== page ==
Its an odd one in so many ways. Partly it’s a period film, of demonic possession obviously inspired by The Exorcist, albeit with a more scientific bias akin to Altered States (I know, I know, at this point it actually sounds like it might be interesting), and its also one of those found-footage character POV films like Blair Witch Project and the early REC. films. Its a weird combo that doesn’t really work. It certainly doesn’t need any of that found-footage nonsense – the conceit of all those found-footage films is that they are based on camcorder footage or webcams etc, which is a hard sell set in the ‘seventies with a character lugging around film reels, projectors and a bloody big film camera. The whole point of that found-footage movie genre was that thanks to modern everyday technology they were somehow realistic/rational, setting it up in the 1970s is a bit of a stretch.

So the film is basically about a  young girl, Jane Harper (Olivia Cooke) who is either mentally ill or possessed, and is the subject of experiments by obsessed Oxford professor Joseph Coupland (Jared Harris chewing up the scenery like a storm) who rather than subscribe to paranormal explanations such as demonic possession, rather subscribes to it being a quantifiable mental or physical disorder that can be extracted and cured. Cue all sorts of mad scientist cliches as Coupland refuses to ‘see’ anything that doesn’t agree with his own hypothesis. Of course being a modern horror film there is no pretense of ambiguity here, which is a pity, as the central drama is interesting. A film about scientists arguing about what they believe/reason/see from differing perspectives while all sorts of strange shit is going on, a sort of horror-themed Altered States, would indeed be very interesting and possibly quite challenging had it stayed ambiguous and possibly even inconclusive to the end, but filmgoers don’t like ambiguity or having to come to their own conclusions. So instead, and this being, at its heart, very much a Hammer film, its fairly obvious to everyone but the characters in the bloody movie what is actually going on.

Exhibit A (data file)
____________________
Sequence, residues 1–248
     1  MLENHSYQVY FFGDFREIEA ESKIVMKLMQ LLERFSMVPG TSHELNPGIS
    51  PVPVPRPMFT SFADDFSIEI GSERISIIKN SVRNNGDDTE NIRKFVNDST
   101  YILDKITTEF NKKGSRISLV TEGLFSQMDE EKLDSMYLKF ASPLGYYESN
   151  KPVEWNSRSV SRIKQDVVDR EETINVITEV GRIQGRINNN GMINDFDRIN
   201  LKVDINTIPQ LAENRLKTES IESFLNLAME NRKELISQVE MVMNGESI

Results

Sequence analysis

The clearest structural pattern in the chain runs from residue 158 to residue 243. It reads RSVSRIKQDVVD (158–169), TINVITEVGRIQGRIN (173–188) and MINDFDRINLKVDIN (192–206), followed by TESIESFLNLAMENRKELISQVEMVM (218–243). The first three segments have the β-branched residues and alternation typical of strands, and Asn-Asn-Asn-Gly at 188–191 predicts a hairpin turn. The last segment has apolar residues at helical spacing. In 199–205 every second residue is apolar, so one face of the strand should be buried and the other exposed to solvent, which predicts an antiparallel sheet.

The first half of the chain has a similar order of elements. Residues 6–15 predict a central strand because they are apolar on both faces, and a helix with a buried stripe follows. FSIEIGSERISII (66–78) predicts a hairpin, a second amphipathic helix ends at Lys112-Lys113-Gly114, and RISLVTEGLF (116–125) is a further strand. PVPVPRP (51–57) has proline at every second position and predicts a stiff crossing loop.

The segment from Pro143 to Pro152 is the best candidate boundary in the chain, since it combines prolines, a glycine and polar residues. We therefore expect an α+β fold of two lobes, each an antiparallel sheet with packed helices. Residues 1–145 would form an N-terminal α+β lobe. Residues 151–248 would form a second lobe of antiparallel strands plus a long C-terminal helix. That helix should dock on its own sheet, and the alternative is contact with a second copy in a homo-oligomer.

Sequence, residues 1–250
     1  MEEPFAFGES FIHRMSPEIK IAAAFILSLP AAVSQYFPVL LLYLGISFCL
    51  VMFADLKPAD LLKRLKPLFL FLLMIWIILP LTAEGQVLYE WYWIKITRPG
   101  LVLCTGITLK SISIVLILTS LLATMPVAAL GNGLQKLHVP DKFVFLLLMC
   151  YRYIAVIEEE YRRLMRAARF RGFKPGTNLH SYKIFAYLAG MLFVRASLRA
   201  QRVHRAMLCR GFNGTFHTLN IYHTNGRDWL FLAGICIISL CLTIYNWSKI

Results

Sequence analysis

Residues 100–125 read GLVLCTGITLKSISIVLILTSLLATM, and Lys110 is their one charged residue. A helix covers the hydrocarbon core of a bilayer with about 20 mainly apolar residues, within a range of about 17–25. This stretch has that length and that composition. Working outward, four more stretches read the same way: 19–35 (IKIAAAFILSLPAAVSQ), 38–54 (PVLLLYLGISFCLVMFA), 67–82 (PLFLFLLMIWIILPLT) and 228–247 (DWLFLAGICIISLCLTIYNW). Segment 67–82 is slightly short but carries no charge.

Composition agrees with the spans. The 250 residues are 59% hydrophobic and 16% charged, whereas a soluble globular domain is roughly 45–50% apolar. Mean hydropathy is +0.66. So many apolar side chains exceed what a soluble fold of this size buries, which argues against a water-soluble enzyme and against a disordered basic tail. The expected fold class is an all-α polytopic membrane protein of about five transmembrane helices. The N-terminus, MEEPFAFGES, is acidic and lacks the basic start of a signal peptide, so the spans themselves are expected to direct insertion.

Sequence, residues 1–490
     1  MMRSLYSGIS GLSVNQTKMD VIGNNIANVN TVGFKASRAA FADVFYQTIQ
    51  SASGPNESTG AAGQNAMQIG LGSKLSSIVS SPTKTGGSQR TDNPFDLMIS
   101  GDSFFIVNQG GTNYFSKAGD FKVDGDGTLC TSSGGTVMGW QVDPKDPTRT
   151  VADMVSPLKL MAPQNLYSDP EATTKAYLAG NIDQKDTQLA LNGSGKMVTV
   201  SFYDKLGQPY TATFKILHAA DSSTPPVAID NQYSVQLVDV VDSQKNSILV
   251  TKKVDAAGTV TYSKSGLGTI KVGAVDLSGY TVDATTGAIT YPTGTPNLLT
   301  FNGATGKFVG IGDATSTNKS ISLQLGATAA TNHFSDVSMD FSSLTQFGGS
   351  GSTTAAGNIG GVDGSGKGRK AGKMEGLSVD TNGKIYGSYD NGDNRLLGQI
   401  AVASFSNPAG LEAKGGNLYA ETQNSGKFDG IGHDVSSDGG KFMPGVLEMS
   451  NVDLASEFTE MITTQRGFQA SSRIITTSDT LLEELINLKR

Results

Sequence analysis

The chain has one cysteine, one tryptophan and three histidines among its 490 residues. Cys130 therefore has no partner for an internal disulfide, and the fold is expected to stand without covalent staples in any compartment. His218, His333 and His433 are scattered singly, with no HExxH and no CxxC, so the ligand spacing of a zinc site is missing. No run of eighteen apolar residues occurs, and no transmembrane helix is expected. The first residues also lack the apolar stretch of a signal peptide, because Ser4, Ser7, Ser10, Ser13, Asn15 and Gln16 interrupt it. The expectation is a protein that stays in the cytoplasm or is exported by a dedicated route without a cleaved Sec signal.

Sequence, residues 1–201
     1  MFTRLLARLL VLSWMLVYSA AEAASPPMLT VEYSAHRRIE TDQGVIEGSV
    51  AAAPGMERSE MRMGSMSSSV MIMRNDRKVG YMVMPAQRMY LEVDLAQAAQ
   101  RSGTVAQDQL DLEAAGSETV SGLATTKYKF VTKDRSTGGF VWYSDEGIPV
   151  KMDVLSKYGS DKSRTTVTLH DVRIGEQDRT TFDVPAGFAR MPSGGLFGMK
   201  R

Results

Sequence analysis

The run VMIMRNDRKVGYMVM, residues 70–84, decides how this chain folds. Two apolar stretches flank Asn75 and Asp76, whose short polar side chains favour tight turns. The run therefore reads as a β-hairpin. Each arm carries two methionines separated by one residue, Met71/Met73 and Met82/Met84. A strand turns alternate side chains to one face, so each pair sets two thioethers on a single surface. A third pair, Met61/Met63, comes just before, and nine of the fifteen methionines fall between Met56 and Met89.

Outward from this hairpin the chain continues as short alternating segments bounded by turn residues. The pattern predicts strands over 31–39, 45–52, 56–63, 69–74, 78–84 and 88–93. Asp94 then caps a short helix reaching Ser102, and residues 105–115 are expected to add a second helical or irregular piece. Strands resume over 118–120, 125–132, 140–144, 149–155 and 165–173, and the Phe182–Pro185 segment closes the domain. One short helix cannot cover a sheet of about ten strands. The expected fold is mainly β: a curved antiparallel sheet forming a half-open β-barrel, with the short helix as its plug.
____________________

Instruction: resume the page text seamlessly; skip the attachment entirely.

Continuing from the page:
It doesn’t help that, on the whole, none of the characters are particularly interesting. There’s all sorts of varied relationship nonsense amongst the ensemble which adds nothing to the story other than padding out the running time. The period setting doesn’t in itself have any importance either, other than perhaps making the science basic enough to maintain the ‘mystery’ a little longer (we don’t have the internet or mobile phones to make life awkward for the screenwriters).

Which is really the confounding thing about it- why indeed set it in the ‘seventies (lots of period pop songs infect the soundtrack if only to enforce the period setting) and why bother with the found footage nonsense if it’s so technically awkward? You could tell this story in the present-day and still get away with it. Maybe its all a ruse to maintain a ‘based on a true story’ subterfuge to keep audiences hooked. I don’t know, but none of it really works. Ambiguity is lost and things become increasingly literal and obvious as the film progresses towards its non-climax. Well, I say non-climax; its loud and violent but it’s quite emphatically non-involving.

A rather sad stumbling block then for what was a promising Hammer revival.